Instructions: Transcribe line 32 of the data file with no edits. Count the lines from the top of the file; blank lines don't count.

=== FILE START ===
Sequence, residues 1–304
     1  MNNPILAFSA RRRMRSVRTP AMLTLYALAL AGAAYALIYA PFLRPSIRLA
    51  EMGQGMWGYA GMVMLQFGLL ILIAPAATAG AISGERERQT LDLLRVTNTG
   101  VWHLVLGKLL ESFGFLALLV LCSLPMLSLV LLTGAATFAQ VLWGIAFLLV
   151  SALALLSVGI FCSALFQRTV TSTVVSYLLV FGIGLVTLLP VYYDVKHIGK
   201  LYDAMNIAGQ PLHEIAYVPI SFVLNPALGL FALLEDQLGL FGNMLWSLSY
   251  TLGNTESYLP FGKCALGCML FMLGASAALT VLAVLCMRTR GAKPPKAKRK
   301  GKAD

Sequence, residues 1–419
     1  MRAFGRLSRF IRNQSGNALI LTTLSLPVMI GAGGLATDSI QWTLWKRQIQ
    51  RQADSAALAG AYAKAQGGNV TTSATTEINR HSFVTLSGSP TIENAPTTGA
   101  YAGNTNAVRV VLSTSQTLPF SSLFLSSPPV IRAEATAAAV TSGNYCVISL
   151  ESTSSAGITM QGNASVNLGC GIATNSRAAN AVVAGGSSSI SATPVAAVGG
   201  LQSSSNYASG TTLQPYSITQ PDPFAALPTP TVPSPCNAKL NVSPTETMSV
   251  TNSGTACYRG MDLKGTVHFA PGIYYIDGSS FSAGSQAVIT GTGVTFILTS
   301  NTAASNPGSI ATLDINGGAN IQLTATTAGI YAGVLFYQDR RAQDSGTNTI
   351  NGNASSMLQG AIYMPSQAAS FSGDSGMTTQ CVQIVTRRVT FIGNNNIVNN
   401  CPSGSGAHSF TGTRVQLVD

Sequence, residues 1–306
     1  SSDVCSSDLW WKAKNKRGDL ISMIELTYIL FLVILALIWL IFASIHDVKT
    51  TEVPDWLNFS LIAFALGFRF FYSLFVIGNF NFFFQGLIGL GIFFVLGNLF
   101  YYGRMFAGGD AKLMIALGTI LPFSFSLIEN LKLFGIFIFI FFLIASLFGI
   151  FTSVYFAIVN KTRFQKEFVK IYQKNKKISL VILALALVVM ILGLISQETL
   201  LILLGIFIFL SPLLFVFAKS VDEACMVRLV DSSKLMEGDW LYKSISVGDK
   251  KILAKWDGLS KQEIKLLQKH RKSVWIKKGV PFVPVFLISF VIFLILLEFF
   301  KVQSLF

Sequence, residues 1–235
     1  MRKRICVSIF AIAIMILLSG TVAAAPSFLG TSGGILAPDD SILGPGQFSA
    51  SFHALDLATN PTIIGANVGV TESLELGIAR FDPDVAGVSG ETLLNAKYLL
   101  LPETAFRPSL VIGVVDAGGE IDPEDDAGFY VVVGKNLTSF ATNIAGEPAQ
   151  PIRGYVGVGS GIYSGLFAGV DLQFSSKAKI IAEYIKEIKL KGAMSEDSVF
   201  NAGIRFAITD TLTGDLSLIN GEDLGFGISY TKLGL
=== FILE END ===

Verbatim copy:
   201  NAGIRFAITD TLTGDLSLIN GEDLGFGISY TKLGL